Tuesday, July 28, 2009

Message from the C-TPAT Director

C-TPAT Members:

As we maintain our vigilance against extremist attacks originating from locations far from our borders, we must also recognize that many threats we face are much closer.

Over the course of the past few months law enforcement on both sides of the US/Mexico border have made several large narcotics seizures involving commercial shipments linked to C-TPAT members. The seizures have occurred across the entire southwest border and involved both dry goods as well as fresh produce. In most cases the narcotics were commingled with the commercial merchandise. Of particular note is that in many instances C-TPAT members were utilizing the services of non-C-TPAT service providers.

CBP reminds members that they are expected to use C-TPAT partners to the extent possible and to conduct extensive screening of their non-C-TPAT business partners. Members must have written and verifiable processes in place to ensure this screening takes place on a consistent basis. Given the current threat from Mexico, non-C-TPAT business partners must be afforded higher levels of scrutiny. C-TPAT members are expected to verify the security measures being utilized.

Comprehensive reviews of recent events have clearly identified two primary causative factors having enabled supply chain security breaches;

Companies had established security procedures in place yet failed to follow them.
Lack of corporate oversight ultimately resulting in significant levels of subversion of established supply chain security procedures via internal conspiracies.

It is imperative that C-TPAT partners perform internal risk assessments to identify inherent threats to supply chain corridors and augment established security procedures accordingly. We have taken this opportunity to identify other causative factors which you may wish to consider as you evaluate the risk factors unique to your supply chain and further, the steps that you can take to mitigate these risks. Areas of consideration include:

Ensuring there is adequate oversight and accountability of the cargo loading and sealing process.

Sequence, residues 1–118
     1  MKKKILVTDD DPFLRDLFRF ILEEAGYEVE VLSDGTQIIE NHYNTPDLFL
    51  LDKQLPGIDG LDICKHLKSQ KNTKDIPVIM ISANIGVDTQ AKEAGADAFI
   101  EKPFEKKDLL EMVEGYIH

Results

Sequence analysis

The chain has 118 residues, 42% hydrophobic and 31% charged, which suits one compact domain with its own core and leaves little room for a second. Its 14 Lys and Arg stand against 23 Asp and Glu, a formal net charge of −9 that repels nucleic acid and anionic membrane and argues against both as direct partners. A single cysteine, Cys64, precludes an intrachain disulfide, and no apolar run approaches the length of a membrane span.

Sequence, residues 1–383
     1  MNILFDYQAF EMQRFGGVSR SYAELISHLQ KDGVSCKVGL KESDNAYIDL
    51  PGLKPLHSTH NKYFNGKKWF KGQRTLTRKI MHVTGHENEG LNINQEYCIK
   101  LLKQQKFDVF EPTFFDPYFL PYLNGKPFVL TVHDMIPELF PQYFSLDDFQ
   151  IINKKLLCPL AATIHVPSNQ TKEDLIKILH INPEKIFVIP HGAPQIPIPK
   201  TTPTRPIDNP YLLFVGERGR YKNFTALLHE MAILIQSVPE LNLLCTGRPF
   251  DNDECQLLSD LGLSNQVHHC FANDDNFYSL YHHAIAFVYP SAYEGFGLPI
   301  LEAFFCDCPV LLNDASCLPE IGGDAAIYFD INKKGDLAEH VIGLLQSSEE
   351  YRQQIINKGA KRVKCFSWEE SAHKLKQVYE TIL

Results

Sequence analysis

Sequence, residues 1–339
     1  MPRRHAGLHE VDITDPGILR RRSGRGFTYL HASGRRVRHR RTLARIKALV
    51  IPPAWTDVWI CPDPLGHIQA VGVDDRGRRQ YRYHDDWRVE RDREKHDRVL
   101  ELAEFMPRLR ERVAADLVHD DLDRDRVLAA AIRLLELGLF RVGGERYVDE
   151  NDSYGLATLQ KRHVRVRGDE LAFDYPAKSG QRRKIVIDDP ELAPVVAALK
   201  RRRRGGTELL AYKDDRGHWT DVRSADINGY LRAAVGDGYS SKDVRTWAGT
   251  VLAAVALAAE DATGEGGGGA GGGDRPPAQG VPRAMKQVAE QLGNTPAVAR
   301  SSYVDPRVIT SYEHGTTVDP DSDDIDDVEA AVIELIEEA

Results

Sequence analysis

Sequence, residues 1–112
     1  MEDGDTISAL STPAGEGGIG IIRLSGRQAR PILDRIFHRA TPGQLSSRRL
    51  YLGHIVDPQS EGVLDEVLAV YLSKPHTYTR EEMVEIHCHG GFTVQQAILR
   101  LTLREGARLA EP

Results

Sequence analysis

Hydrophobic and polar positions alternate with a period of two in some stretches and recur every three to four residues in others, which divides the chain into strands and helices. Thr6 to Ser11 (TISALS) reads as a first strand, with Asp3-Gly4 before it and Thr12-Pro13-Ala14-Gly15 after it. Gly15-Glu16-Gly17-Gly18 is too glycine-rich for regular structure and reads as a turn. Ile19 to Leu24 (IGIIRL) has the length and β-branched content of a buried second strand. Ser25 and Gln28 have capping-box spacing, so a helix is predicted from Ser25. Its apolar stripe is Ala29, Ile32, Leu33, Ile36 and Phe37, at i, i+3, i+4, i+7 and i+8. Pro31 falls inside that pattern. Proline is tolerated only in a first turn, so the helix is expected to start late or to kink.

Employing the use of cameras and/or other suitable monitoring devices or processes at the cargo loading areas.

Ensuring that all conveyance hardware and fastening devices are inspected for overall security and deterrence of unauthorized access. Where deficiencies are present, steps must be taken to mitigate the risk and/or harden all fastening/access devices.

Consider the use of more stringent security devices to secure trailer doors.

Audit and verification of employee screening processes, to include periodic reviews.

Consider rotating personnel assigned to operationally sensitive positions, such as dispatcher.

Review the established processes for oversight of the transportation component. Areas of potential weaknesses and vulnerability should be assessed. Specific attention and focus should be provided towards addressing potential delays and/or opportunities for security breach.

Members should work with service providers to develop written and verifiable procedures to track conveyances from the point of origin to the final destination.

Establishment of route times from the manufacturing site to various points in the transportation flow will help monitor and ensure that drivers are arriving at designated locations within established time parameters.

Members should work with service providers to develop written and verifiable procedures to address those instances that a driver does not check in within established time parameters. Drivers should not be allowed to make unauthorized stops.

While the focus of this security bulletin is directed toward operations along the South West Border of the United States, all C-TPAT members are highly encouraged to take this opportunity to review their established security processes. Continued supply chain security is dependent upon your continued vigilance.

You are encouraged to contact your assigned Supply Chain Security Specialist to discuss ways in which your company can help CBP address this issue or if you have specific concerns that need to be addressed.

In closing, the program relays its continued appreciation of your diligent and continued efforts in securing the international supply chain.


Bradd M. Skinner
Director
C-TPAT/ Industry Partnership Programs
U.S. Customs and Border Protection

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For any question on C-TPAT, please contact Custom Trade Solutions at info@customtrade.us